There is a wonderful salmon pink colour to the Bolney Cuvee Rose, a gently pressed 100% Pinot Noir wine of real delicacy and pretty red fruits. Dosage is approximately 9-10g/l, a perfect foil to the fresh acidity and very fine yet persistent bubbles. Bolney have made something really harmonious here with delicate grapefruit, strawberry and fine stone notes leaving a lasting impression of great drinkability. Extremely well made. Aged on its lees for 18 months.
Bolney Estate is a small, award winning family run winery nestled into the South Downs on predominantly south facing sandstone slopes. Founded by Rodney and Jane Pratt in 1972 the estate celebrated 40 years of wine making in 2012. In the age of new English Wineries popping up every few minutes this makes them something of an established name. Yet, in focussing on red wines they have remained relatively under the radar. That is, until we tasted their traditional method sparkling wines, which seem more balanced and refined than almost anything else we’ve tasted from the UK. The current winemaker is Rodney & Jane’s daughter Sam Linter who has been at the helm since 1997. She’s obviously quite at home there as she seems to have a good handle on achieving balance from the extremes of the UK growing season. Unusually for most British producers the Bolney Fruit comes entirely from their own 39 acre plantings.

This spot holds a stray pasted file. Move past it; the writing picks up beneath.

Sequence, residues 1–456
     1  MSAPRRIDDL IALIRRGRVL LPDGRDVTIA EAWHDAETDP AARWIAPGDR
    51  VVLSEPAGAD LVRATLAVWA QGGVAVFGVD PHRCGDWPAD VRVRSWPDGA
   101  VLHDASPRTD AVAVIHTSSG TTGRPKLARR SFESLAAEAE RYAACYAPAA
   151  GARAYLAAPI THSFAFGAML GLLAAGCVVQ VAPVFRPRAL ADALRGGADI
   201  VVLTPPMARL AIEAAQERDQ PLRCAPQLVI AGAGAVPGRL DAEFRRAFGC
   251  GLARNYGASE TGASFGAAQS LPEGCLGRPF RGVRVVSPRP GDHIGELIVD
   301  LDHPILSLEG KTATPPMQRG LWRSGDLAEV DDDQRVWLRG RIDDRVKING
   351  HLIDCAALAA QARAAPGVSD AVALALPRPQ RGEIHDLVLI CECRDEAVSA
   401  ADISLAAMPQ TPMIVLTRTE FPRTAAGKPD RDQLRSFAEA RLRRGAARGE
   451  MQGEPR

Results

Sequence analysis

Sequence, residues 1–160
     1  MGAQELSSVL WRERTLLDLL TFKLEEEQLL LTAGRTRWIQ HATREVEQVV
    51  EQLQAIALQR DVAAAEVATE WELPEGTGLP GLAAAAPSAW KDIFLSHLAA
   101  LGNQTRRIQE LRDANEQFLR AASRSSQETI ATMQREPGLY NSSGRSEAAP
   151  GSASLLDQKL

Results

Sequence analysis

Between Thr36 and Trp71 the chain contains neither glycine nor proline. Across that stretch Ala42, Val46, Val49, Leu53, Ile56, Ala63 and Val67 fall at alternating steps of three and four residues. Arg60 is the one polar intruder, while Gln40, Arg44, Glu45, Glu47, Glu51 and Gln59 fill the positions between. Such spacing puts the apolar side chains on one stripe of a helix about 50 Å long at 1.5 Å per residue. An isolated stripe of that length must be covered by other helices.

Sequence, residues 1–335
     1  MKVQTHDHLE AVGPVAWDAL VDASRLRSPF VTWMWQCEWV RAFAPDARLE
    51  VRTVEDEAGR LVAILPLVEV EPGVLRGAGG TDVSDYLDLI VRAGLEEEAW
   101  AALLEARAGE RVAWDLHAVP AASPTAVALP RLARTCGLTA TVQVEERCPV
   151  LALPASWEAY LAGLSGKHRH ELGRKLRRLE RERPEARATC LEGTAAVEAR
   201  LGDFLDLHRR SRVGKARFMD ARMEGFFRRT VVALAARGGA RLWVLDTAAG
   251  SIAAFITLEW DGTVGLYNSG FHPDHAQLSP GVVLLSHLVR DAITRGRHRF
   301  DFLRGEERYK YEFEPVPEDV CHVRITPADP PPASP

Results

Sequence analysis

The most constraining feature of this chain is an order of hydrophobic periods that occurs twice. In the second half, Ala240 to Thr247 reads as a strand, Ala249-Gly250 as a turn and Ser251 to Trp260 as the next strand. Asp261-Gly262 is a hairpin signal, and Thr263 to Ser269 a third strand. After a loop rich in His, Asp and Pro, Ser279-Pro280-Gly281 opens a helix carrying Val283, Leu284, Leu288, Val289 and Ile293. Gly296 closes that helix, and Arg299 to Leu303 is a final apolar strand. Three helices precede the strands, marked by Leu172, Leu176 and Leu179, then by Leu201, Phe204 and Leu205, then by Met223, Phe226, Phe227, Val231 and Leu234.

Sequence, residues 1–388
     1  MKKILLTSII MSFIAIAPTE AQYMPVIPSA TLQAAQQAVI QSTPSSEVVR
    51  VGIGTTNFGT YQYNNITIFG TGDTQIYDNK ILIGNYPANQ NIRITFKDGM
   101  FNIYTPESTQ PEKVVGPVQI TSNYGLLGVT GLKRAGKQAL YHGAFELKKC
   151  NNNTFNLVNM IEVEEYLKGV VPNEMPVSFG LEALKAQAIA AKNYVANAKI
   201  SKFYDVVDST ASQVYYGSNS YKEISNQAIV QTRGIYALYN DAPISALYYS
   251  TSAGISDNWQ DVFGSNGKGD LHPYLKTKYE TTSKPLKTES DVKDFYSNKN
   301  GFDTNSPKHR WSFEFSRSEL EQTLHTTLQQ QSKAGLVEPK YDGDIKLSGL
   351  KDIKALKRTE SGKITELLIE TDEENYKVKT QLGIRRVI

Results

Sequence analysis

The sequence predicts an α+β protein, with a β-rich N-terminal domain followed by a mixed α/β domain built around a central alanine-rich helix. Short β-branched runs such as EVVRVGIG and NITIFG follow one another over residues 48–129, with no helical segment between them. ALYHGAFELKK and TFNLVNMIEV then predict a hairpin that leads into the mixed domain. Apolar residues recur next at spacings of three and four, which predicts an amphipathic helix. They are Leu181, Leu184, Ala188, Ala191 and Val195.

English wine is revelling in unprecedented growth. As its reputation improves both domestically and abroad, more vineyards are being planted and existing ones grow older, offering the happy combination of scale and quality. Although situated at a perilously high latitude, the effects of global warming appear to be, at least in part, benefiting the English in their attempt to produce wine. While wine has been produced here for a long time, often using Germanic and other cool climate grape varieties, the industry really seems to have found its stride in the production of sparkling wine from the traditional Champagne varieties. Furthermore, the best sites in the south of England are grown on south-facing slopes with chalky soils, not unlike their French counterparts in Champagne, a mere stone throw across the channel.